Princeton is known for intellectual rigor and the CJL is known for its national award-winning Jewish educational programs.
What's different about education at the CJL? It's not just about ideas, it's about living a meaningful life, developing relationships and contributing to the world at large. It's where the personal, spiritual, ethical and intellectual meet in a way that is meant to challenge and inspire. It's not about gaining knowledge; it's about gaining wisdom.
We have a team of educators on staff, including three rabbis from the Reform, Conservative and Orthodox denominations. They are dedicated to providing diverse educational opportunities to all Jewish students on campus such as one-on-one learning sessions, weekly lunch and learn programs, and special Shabbat and holiday study. In addition to this wonderful team, the CJL actively promotes informal peer-led learning through programs such as TNT (Thursday Night Torah and Pizza), along with special lectures and guest scholars-in-residence.
Jewish Learning Fellowship
The Jewish Learning Fellowship (JLF) is a 10-week experiential, conversational seminar for students looking to deepen their understanding of Judaism on their own terms. We’re interested in asking big questions: Who am I? What communities am I a part of? What is worth committing myself to, and why? As a part of a national program, JLF at Princeton seeks to create community as well as challenge participants with deep intellectual debate and conversation.
Our job is to help you explore the tradition in a safe space and find your own place, on your terms, in Judaism’s Great Conversation.
One of the centerpieces of Jewish learning at the CJL is our Fellowships. Our Fellowships give you the opportunity to immerse yourself deeply in a topic you find relevant and meaningful to your life. In a CJL Fellowship, your life experience and your unique perspective is in conversation with other students and with thousands of years of Jewish tradition. You will discover that whatever you are passionate about, in your academic studies or in your leadership activities, has a connection to Jewish teachings.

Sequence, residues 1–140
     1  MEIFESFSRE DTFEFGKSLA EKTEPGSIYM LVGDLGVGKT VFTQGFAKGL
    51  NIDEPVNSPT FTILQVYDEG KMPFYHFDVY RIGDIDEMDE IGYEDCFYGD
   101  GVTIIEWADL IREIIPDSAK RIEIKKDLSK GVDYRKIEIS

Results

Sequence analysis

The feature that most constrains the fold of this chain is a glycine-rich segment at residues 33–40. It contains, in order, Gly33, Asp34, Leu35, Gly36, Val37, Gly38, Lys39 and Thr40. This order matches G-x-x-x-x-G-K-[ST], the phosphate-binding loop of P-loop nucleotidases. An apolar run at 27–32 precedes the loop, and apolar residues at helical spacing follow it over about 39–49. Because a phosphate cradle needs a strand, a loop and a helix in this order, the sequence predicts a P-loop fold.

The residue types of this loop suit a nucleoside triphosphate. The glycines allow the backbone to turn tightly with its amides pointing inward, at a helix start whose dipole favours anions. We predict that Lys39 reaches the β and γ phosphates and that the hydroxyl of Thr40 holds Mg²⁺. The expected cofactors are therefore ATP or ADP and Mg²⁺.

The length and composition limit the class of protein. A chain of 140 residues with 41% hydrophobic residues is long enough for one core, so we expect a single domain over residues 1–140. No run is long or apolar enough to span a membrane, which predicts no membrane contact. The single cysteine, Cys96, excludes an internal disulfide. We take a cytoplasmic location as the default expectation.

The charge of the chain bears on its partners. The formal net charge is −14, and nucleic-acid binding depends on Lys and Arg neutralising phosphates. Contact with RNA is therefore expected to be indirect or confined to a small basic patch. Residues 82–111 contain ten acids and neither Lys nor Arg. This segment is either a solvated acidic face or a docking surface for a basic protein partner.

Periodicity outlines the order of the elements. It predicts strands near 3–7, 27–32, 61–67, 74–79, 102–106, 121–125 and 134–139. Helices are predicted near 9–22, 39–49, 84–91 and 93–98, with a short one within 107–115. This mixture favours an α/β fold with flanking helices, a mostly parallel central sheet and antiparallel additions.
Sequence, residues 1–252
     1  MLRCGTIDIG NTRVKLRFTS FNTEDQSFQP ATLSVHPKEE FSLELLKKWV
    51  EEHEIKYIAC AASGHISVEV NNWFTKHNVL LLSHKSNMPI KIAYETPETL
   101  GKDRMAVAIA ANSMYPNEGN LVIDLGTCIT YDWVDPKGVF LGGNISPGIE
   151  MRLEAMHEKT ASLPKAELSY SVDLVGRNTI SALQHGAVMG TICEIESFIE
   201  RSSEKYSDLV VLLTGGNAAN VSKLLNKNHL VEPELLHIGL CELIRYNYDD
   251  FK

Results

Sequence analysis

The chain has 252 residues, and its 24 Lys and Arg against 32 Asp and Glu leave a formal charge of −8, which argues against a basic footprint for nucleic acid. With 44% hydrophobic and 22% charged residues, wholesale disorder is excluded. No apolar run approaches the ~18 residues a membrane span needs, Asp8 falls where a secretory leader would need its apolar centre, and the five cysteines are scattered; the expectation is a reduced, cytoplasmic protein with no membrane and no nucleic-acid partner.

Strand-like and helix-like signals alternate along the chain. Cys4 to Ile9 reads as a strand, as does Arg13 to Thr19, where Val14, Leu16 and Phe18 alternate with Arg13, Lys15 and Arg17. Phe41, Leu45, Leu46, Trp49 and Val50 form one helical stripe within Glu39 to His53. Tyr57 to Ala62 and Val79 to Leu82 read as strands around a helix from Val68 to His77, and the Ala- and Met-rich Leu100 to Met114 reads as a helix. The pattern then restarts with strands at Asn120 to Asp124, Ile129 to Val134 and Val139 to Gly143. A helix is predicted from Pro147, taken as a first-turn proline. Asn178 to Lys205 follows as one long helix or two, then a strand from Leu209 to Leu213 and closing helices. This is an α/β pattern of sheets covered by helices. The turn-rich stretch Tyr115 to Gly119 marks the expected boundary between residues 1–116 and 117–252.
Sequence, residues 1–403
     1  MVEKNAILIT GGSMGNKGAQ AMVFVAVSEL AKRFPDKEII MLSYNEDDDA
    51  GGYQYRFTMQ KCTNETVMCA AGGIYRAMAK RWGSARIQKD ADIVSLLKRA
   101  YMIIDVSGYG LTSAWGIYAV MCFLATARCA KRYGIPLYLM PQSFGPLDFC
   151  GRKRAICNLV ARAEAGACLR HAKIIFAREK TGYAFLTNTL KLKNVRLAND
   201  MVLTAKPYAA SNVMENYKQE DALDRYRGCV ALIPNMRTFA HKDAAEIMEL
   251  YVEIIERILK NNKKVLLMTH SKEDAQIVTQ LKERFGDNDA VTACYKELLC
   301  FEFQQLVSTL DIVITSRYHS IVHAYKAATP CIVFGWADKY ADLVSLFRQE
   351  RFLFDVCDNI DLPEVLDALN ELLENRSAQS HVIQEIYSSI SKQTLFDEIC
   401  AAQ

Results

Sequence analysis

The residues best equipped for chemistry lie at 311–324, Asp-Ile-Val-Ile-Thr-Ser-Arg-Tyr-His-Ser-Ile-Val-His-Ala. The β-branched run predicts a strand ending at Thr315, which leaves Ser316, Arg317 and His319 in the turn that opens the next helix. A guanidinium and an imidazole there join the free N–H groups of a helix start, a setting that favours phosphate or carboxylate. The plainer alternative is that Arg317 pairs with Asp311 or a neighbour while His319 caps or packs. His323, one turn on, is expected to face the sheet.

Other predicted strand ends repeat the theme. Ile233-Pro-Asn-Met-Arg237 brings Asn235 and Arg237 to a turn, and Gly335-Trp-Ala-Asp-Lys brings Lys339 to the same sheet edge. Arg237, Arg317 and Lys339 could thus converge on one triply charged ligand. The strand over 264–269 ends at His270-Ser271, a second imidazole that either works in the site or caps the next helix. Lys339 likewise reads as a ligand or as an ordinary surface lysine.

To learn more about all Fellowship learning opportunities, contact Rabbi Ira Dounn.
Some of our recent Fellowships include:
- Life as a Sacred Gift
Jewish Law in the 21st Century: Technology, Economy, and Global Society
Judaism through a Queer Lens
Your Jewish Story
Let Our People Go (Mass Incarceration)
Rabbi Azi Horvitch and Atara Horvitch are OU-JLIC Torah educators at the Center for Jewish Life. The Orthodox Union and Hillel have partnered to bring Orthodox rabbinic couples to over 25 college campuses across the world.
Rav Azi and Atara teach a wide array of classes at the Center for Jewish Life ranging from a weekly Gemara class to classes on Tanach, Chassidut and Halacha. They are also available for one-on-one learning opportunities with students.
In the past, some popular classes have included ‘Lunch and Learn’ with free Sushi and Chinese food. Some of the topics discussed included: The Philosophy of Jewish Law, Sfardi Intellectual History, Rabbinic Stories and more.
Featured Monthly Curriculum
Curated by co-founder of our CJL Sustainability Committee Raphi Gold.
Caring for the environment is a core aspect of what it means to be Jewish in the 21st century. Our Jewish tradition connects us to the environment and the way we treat our environment in the face of a global climate crisis requires us to call upon our Jewish values. Here are a few texts that connect back to the Earth and our responsibility to act.
Hear about wellness at the CJL from Rabbi Ira and then interact with our wellness curriculum created by CJL students and staff during the COVID pandemic. Each of these seven source sheets explores one of the forms of wellness detailed in the Princeton Wellness Wheel - occupational, spiritual, physical, intellectual, environmental, emotional, and social wellness.